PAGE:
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Structuralist anthropology blog by Edmond Furter

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Lilian Kolster’s Peace Pipe art of the DMT vine

Lilian Kolster’s Peace Pipe artwork expresses all five layers of archetype, and about 60% of known recurrent features in their standard places; as all complex artworks do. General themes in this artwork include types 2c Basket, 3 Queen, and 4 King; these three are typical of woven texture, instruments, containers, arm-links, long necks, a queen, spring, school, birds, and furnace. Life forms and processes teach insight into underlying natural patterns.

Ambrose and Atlantia’s tree of subconscious connections

Kuba Ambrose and Vera Atlantia's Rainbow tribe artwork of ayahuasca or DMT trancers in Eden, expresses two concentric cycles of characters, with their eyes on two axial grids, nested in one another. This subconscious expression of archetype is rich in semantic (contextual), semiotic (core meaning) and spatial connections and coherence; for which it sacrifices some individual differentiation among the characters. Archetype guides natural, inherent order in all art styles; in built sites; and in several other media once thought to have been 'invented' or 'developed' or 'evolved'. Culture re-expresses natural structure.

Architecture reveals our subconscious building code

Our huts, houses, kivas, circles, pillars, fortune bowls, art, game boards, temples, pyramids, cities, constellations, geoglyphs and graves, say much more about us that we ever knew. Structuralist analysis reveals the universal repertoire in our subconscious behaviour.

Stoneprint book index

Stoneprint, the human code in art, buildings and cities (Edmond Furter, 2016, Four Equators Media, 400 pages, 170mm x 295mm, 130 illustrations) resolves the mysteries of correspondences between ancient cultures. The book reveals the core content and 'grammar' or 'DNA' of culture. We have an innate subconscious compulsion to express a specific, complex, archetypal set of features, in sequence, and on an axial grid, in all our works.

Popular anthropology plays ‘broken telephone’

The range of views in popular anthropology could be summarised as a list of hypotheses on where culture comes from. Some views gain dominance in turn, each imposing its paradigm on science or culture, or both. Nature, gods, heroes, ancestors, evolution, technology, Phoenicians, subconscious, secret societies, aliens, mutants, astronomy, drugs, trance, or a super race?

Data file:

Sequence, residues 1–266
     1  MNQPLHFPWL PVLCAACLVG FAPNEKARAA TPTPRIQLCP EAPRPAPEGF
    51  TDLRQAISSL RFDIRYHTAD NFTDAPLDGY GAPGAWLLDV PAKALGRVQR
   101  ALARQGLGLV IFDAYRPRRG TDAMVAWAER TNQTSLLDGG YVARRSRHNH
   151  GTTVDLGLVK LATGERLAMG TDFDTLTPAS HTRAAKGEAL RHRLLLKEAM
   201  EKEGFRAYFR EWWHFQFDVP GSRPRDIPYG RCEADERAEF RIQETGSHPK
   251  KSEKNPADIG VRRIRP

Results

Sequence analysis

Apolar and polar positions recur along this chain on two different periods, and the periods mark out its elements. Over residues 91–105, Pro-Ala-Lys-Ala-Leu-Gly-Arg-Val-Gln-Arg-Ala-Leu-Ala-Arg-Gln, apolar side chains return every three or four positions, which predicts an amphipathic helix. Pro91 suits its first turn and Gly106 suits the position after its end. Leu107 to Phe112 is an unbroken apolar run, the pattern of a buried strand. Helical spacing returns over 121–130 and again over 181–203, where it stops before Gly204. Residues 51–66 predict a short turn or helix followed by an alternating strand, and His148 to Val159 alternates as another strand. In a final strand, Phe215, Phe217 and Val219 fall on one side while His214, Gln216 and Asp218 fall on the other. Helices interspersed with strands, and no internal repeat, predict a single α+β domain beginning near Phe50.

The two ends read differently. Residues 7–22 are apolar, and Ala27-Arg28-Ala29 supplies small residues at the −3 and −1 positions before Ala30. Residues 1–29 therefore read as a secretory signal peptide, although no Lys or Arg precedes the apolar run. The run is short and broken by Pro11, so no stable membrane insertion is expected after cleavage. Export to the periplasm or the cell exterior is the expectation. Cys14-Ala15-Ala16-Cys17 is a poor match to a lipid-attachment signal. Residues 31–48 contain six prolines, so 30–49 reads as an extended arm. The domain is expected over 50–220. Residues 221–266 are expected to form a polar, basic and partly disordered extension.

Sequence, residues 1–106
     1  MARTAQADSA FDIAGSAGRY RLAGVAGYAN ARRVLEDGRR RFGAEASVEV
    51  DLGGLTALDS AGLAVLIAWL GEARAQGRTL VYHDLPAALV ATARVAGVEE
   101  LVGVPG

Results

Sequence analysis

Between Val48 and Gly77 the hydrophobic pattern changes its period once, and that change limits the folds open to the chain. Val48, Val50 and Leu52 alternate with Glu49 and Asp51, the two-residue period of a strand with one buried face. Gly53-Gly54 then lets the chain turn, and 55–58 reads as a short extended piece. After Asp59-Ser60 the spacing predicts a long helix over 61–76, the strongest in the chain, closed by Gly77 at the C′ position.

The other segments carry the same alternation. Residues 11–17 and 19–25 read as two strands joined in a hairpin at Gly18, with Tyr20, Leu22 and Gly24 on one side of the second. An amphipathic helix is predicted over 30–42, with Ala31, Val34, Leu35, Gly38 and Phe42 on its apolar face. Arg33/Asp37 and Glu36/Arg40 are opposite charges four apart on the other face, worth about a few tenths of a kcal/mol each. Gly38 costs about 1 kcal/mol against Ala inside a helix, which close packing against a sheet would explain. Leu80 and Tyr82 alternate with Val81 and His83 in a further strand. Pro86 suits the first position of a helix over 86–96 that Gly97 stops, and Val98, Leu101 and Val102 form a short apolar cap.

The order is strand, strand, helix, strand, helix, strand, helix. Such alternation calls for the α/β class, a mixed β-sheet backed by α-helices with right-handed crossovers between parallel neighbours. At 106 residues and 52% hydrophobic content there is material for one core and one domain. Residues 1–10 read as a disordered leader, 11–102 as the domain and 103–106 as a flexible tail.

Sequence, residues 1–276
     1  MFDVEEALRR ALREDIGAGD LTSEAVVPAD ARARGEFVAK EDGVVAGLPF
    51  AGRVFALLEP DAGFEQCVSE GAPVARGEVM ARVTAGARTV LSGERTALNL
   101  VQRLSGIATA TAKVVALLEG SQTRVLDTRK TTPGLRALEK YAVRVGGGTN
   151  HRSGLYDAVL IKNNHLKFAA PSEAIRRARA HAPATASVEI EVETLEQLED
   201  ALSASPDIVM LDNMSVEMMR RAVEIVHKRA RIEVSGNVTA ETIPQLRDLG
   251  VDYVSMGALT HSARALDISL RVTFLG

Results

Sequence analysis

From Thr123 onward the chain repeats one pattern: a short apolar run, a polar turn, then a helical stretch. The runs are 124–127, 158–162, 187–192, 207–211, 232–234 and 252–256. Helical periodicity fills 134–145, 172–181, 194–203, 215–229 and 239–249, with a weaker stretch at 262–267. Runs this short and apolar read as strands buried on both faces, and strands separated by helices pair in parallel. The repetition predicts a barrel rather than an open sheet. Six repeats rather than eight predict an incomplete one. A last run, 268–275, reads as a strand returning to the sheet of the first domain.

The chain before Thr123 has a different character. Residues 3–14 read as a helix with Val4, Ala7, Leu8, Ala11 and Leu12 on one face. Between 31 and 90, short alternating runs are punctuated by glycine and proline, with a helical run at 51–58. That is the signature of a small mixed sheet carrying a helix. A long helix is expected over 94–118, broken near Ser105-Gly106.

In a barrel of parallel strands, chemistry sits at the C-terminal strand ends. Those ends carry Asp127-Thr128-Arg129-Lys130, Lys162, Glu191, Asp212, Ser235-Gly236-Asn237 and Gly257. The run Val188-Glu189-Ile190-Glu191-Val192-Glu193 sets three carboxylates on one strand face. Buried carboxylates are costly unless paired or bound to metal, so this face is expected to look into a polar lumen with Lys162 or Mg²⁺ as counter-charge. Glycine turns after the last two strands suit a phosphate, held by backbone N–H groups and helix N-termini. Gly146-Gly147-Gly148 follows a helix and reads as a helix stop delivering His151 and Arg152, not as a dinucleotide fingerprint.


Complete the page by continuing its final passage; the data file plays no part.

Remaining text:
Art design re-expresses innate structure

The building blocks of culture are the five abstract layers, like the building blocks of nature are elements, their properties, combinations, and reactions; from indestructible electrons to fragile self-replicating creatures. Our replications or ‘creations’ are equally over-determined.

Chemistry layers reveal biology, as typology reveals culture

It requires a high population density, specialization, and specialized equipment to turn visions into theory, and tests, and results, applications, technology, production, sales, and profit. Without all these enablers, new knowledge would gain little currency, and remain ‘secret’. Most people, including scientists, see the maturity cycle of material culture as ‘evolution’ in cognitive ability or consciousness, which it is not

Stoneprint confirms rock art structure

Prof Emmanuel Anati (2004) had noted a combination of innate compulsion, and communicative development in rock art, linked to economic complexity levels. However he also noted that some stylistic elements seemed cyclic. Anati’s challenge to the World Archive of Rock Art (WARA)... Continue Reading →

Cosmology is everywhere, not just in the sky

The primary natural expression of structure is in speciation (Tressider 1999). A lion is a lion, a bull is a bull, expressing coherent clusters of attributes. Some animals are universally recognised as archetypes. The animal kingdom offers analogies to other natural features (weather,... Continue Reading →

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